Health Study: Vegetable Salads, benefits of vitamins B6, B12
Based on the results of the recent health benefits research sponsored by the Association for Dressings & Sauces (ADS) with Dr. Lenore Arab of UCLA, salad, salad dressing and raw vegetable consumption can be an effective strategy for enhancing nutritional adequacy and increasing vegetable consumption in the population at large. The research provides evidence that a salad a day is an important starting point, and each additional serving further improves nutritional status. Studies have shown that the U.S. population is currently not getting enough water-soluble vitamins of which salads are a rich source. Why are these vitamins important? For example, adequate consumption of the vitamin folic acid is linked to lower incidence of neural tube defects and decreased levels of homocysteine concurrent with decreased cardiovascular disease risk.
The study, titled “Salad and Raw Vegetable Consumption and Nutritional Status in the Adult U.S. Population: Results from the National Health and Nutrition Examination Survey III”, was published in the September 2006 issue of the extremely high impact Journal of the American Dietetic Association (JADA)
JADA is the official professional journal of 65,000 professional dietitians that represent basically all registered dietitians in the U.S. and a number abroad, and are responsible for all patient contact -- serving as valuable resources for nutrition information. The paper, authored by Drs Joseph Su of Louisiana State University and Lenore Arab, is an epidemiologic analysis of the U.S. population as sampled in a nationally representative survey. The study presents data on more than 17,000 adults of all races and ethnicities, and both genders. It compares the nutritional status of salad consumers and salad dressing consumers with non-consumers, and shows that consumption of salad is significantly associated with better nutritional status. Nutritional status is assessed using National Academy of Science guidelines for intake, and also is measured using blood measures of fat and water-soluble vitamins and carotenoids. Six important nutrients are higher among the salad consumers, and each serving of salad is related in a dose response fashion to a better level of the vitamin in the blood. The significant and consistently higher serum values of these vitamins suggest that they are being well absorbed from salad. Salad dressing users had significantly greater serum levels of most of the vitamins studied as well, and had a better nutrient adequacy status. It is important to note that, according to a nationally projectable Gallup survey, a vast majority (93%) of those who eat salads indicate they either always or usually use a dressing.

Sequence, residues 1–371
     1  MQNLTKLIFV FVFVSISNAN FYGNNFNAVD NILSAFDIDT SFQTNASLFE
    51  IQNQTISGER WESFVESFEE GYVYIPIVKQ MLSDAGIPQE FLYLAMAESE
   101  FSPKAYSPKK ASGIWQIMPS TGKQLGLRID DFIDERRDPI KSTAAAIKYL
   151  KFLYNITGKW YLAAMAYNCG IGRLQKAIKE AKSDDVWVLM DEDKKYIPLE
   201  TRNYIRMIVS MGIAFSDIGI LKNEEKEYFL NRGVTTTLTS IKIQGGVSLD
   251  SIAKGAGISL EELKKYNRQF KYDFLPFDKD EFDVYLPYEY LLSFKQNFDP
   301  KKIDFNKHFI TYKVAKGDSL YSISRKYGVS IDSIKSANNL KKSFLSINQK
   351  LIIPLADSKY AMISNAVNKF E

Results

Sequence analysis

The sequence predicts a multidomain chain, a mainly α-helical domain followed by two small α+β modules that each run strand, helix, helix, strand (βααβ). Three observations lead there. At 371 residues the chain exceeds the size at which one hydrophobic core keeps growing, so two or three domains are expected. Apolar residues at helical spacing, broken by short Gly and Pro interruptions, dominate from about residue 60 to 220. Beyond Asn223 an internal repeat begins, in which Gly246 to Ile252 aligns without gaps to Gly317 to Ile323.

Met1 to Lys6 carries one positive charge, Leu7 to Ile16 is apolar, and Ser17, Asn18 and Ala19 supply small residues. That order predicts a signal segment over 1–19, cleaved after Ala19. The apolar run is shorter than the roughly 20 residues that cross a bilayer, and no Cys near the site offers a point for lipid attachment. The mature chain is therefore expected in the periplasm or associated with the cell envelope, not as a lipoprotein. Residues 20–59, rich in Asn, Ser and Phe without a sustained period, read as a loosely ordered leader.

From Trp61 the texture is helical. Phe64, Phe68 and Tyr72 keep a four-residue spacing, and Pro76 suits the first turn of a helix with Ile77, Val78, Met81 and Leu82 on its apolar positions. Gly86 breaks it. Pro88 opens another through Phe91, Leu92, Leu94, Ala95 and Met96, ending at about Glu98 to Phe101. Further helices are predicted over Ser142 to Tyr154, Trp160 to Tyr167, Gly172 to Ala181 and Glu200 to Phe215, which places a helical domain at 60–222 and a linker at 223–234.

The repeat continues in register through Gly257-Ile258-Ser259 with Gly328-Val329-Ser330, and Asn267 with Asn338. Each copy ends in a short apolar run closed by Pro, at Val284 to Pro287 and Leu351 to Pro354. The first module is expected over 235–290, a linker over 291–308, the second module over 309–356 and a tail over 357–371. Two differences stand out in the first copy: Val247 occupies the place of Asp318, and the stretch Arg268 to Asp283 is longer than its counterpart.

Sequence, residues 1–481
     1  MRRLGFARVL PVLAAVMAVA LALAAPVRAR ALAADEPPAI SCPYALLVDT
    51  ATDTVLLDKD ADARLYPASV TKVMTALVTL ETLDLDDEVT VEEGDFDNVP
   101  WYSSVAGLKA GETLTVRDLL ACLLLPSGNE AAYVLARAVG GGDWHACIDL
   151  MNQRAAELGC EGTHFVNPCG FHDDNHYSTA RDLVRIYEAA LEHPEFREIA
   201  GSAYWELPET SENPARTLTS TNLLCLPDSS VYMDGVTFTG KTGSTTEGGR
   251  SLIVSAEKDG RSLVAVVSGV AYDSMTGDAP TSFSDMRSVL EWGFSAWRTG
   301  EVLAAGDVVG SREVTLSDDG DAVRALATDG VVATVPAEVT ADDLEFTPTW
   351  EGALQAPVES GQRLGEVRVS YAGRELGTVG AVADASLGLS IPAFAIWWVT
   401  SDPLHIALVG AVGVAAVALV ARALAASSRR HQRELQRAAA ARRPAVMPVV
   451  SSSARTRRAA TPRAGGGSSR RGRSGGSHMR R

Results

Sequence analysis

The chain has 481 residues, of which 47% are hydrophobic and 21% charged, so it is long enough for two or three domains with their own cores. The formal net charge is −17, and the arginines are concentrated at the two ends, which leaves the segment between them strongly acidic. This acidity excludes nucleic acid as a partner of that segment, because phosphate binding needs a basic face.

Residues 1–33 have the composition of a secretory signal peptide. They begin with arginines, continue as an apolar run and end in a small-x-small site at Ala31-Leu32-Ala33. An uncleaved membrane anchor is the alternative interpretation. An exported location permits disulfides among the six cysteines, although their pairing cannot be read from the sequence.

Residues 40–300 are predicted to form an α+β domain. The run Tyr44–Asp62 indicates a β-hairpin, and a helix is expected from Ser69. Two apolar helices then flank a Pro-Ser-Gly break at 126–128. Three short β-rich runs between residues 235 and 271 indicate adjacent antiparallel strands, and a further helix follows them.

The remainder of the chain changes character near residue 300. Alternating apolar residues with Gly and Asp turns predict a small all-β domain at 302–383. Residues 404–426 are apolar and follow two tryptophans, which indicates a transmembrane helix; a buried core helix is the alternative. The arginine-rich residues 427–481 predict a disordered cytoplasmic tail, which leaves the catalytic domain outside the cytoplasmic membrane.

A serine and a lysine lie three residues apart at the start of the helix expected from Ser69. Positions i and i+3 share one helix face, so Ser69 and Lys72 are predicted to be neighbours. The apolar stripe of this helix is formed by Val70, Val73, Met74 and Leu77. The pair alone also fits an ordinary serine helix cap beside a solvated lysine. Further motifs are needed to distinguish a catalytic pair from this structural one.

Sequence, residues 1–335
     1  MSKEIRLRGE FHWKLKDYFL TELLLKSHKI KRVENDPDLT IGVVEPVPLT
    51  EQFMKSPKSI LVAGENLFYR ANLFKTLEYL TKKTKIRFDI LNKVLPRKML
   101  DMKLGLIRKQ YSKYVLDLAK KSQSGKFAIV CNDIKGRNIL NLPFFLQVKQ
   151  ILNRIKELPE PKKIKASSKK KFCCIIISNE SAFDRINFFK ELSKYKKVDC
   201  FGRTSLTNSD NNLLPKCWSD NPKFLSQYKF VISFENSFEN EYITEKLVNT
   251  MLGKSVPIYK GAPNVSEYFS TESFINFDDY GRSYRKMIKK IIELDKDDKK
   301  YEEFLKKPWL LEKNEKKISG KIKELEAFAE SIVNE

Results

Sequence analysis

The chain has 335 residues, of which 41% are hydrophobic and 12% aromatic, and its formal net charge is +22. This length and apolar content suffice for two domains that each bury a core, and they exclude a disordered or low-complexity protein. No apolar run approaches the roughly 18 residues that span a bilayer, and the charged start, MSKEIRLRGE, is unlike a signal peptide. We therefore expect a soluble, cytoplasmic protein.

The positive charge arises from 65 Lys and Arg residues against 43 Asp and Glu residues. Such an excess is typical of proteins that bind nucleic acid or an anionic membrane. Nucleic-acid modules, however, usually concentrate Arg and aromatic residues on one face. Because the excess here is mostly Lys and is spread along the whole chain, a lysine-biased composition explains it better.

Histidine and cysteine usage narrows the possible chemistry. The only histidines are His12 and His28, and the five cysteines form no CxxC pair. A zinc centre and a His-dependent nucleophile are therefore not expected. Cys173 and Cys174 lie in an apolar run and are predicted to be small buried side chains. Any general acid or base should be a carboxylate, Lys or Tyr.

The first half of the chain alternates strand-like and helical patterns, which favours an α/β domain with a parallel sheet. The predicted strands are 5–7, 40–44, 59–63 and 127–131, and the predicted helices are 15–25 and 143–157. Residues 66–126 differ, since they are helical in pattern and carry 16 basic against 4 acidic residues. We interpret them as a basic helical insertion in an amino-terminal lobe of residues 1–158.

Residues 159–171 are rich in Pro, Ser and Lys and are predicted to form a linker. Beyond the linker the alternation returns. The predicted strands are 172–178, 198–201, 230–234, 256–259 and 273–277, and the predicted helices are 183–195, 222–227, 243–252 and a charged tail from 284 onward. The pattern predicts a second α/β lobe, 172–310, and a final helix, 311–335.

The JADA article presents the details of the study design, population and statistical and epidemiologic analyses, and the willingness of JADA to publish the study attests to the novelty of these results. Although you might assume that salad intake is known to show measurable improvements in nutritional status, some might have argued that the nutrients in these fresh vegetables are not bioavailable and not well absorbed from this source, or that cooking is required for bioavailability. In fact, from emerging research on health outcomes, it appears that consuming fresh/raw vegetables is better than consuming cooked vegetables.
The study is important for a number of reasons including 1) based on prior studies and recent recommendations for intakes, the U.S. population is getting far too little of some of the water soluble vitamins of which salads are a potentially rich source. This is demonstrated in an earlier paper by the same authors where over 80% of U.S. women have inadequate intakes of vitamin C and folic acid (*see figure from that paper in footnote), 2) the effects of salad intake seen in the paper are based on the entire U.S., and are seen in the population at large, not a special subpopulation, and therefore the results are generalizable to all people in the U.S., 3) the effects are significant for each additional serving, and a dose response effect like this lends scientific credibility. Otherwise, it might be argued that salad consumers are just different in general. The paper indicates that each additional serving of salad improves nutritional status, 4) risk groups that are low salad consumers and should be particularly targeted are identified, which will be useful for marketing purposes and focusing on consumers at greatest risk, 5) presenting this information to dietitians is targeting the most impactful professional group available for translating this message to the consumer in their language for behavior changes.
*Arab L, Carriquiry A, Steck-Scott S, Gaudet MM. Ethnic differences in the nutrient intake adequacy of premenopausal US women: results from the Third National Health Examination Survey. J Am Diet Assoc 2003; 103:1008-14.